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Post Partisan
Posted at 09:48 AM ET, 02/24/2012

Would Romney really stick with the austerity argument?

Paul Krugman argues this morning that Mitt Romney probably doesn’t believe the various Republican economic myths he’s been campaigning on, but that:

For the cynicism and lack of moral courage that have been so evident in the campaign wouldn’t suddenly vanish once Mr. Romney entered the Oval Office. If he doesn’t dare disagree with economic nonsense now, why imagine that he would become willing to challenge that nonsense later? And bear in mind that if elected, he would be watched like a hawk for signs of apostasy by the very people he’s trying so desperately to appease right now.

I think Krugman's general case is correct: Whatever his “real” beliefs about public policy issues, Romney would no doubt stick close to the mainstream conservative line on most things if he were in the Oval Office. The research is pretty clear that presidents try to keep their campaign promises. Beyond that, this is an era of a partisan presidency, and that means that Romney would be surrounded in the White House by mainstream conservatives who probably really would believe in the promises Romney has made.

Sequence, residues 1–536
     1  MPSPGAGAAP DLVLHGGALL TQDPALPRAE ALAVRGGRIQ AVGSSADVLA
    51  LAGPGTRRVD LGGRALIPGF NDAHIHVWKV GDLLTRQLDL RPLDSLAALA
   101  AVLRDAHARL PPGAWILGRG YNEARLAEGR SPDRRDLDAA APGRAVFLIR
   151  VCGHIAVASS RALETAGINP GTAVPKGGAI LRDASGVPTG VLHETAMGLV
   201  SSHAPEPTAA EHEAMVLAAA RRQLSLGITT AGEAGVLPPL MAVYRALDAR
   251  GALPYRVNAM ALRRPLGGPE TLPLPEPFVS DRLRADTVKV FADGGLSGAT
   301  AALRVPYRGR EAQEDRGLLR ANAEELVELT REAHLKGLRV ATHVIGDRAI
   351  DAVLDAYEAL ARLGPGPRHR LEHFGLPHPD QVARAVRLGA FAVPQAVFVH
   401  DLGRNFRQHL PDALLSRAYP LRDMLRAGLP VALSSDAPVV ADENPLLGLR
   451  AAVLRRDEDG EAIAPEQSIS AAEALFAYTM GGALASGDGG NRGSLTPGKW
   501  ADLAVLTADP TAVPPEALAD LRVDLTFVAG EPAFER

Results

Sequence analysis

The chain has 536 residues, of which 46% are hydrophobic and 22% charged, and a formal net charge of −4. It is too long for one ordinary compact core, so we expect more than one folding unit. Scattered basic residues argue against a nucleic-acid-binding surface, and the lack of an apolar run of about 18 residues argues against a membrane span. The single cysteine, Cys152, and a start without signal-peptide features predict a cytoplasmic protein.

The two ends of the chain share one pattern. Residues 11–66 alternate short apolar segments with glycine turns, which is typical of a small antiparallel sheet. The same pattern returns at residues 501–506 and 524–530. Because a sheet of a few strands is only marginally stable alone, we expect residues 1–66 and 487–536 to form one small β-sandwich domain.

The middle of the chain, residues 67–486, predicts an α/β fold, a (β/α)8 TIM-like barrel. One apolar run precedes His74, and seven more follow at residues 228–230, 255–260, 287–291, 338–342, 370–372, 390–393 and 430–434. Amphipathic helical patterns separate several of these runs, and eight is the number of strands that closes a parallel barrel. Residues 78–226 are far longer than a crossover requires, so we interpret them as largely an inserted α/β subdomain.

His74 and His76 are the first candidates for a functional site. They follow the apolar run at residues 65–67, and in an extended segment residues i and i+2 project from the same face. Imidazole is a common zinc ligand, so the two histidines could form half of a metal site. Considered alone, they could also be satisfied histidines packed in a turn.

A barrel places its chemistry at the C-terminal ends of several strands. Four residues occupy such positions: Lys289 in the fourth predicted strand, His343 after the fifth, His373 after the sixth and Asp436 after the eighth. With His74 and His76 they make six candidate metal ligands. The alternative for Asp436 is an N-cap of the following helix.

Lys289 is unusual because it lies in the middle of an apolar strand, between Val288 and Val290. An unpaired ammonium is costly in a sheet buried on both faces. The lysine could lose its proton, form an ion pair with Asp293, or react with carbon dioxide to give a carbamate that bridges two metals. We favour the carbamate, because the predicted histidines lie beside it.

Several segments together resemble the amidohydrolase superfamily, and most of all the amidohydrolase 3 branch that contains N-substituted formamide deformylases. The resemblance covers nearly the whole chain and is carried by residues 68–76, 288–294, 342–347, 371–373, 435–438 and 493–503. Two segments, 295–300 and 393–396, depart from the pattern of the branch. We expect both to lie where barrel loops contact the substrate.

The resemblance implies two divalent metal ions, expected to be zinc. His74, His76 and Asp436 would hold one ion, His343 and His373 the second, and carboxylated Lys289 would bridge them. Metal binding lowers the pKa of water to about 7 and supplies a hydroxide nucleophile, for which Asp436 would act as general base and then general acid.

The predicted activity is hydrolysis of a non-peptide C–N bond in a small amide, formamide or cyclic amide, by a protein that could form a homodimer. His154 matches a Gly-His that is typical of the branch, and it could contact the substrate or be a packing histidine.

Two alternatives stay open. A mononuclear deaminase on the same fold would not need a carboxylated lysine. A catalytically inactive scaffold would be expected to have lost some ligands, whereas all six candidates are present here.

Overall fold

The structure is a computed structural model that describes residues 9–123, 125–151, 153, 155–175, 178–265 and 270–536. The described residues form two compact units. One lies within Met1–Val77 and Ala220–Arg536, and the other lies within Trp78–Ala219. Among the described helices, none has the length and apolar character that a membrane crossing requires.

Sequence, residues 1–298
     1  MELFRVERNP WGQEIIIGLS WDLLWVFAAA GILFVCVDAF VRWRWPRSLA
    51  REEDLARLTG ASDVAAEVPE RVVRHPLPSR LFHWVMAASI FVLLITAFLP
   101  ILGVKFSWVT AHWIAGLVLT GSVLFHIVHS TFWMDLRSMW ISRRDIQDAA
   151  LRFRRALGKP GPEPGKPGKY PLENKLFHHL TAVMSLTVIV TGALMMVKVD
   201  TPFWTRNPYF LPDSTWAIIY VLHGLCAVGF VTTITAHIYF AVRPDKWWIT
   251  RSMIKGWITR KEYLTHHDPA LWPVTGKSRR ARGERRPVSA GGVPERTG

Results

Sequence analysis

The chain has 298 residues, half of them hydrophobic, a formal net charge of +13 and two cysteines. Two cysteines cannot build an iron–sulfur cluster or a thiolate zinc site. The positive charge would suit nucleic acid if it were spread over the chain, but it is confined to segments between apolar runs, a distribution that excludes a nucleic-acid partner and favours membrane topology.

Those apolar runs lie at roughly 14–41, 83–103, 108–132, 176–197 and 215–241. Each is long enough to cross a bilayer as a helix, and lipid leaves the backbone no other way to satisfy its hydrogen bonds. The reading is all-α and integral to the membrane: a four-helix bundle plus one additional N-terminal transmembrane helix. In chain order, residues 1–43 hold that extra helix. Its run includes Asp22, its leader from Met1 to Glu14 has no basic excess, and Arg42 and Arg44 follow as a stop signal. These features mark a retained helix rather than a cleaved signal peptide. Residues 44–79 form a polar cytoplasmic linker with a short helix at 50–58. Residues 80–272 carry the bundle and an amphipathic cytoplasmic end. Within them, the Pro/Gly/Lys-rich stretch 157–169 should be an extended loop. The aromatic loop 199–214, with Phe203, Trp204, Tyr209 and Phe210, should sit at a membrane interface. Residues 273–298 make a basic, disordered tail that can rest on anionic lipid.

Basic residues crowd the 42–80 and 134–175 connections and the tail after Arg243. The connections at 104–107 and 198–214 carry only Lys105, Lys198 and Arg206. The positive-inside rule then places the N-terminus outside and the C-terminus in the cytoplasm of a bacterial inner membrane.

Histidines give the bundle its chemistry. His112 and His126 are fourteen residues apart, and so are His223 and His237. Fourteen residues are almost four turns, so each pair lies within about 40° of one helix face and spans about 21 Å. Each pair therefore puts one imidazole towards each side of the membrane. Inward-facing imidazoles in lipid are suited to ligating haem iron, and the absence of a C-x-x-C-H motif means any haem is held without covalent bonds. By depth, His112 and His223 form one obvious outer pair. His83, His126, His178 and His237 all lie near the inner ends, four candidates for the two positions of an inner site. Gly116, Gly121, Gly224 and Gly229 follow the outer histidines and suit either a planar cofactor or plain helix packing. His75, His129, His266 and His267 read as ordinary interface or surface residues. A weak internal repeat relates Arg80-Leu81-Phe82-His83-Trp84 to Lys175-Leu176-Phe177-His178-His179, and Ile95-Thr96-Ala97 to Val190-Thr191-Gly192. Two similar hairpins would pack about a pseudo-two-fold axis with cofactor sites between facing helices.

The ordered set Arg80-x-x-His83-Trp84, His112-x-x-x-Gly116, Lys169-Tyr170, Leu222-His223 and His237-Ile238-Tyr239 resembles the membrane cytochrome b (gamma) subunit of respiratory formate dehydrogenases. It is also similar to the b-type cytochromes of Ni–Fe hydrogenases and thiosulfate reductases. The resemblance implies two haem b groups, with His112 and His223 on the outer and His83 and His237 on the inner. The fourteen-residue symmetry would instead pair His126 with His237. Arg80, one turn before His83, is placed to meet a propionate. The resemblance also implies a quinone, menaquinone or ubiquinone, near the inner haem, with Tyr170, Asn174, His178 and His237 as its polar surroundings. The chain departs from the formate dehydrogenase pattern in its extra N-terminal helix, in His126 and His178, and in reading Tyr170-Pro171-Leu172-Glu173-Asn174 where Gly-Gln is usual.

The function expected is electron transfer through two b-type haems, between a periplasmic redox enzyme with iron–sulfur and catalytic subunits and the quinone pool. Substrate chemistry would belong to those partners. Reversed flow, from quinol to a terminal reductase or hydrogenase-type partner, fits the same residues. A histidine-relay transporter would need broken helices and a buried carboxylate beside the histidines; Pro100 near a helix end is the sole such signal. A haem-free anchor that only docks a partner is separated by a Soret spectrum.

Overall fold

However, on the particular question Krugman is talking about — whether Romney will follow conventional Keynesian policies once in office — I think it’s a little more complicated. Republicans do have some core economic principles, such as a belief that tax cuts are always a good thing. But a lot of the anti-Keynesian talk we’ve heard over the past three years is almost certainly partisan, and not ideological, in nature. George W. Bush didn’t react to either recession during his time in office by championing spending cuts, after all. Indeed, the partisan impulse to oppose anything Barack Obama supports is so strong that Republicans generally opposed Obama’s payroll tax cut and can’t manage to acknowledge the existence of tax cuts in Obama’s stimulus back in 2009, much less support them.

No, the truth is that a President Romney probably would completely forget about the argument that austerity is the best medicine for an ailing economy. His mix of policies would presumably be heavier on tax cuts than on spending, and those tax cuts would be balanced differently than Barack Obama’s would be. But I’d be very surprised if Republicans really do press austerity if they win unified control of government.

By  |  09:48 AM ET, 02/24/2012

 
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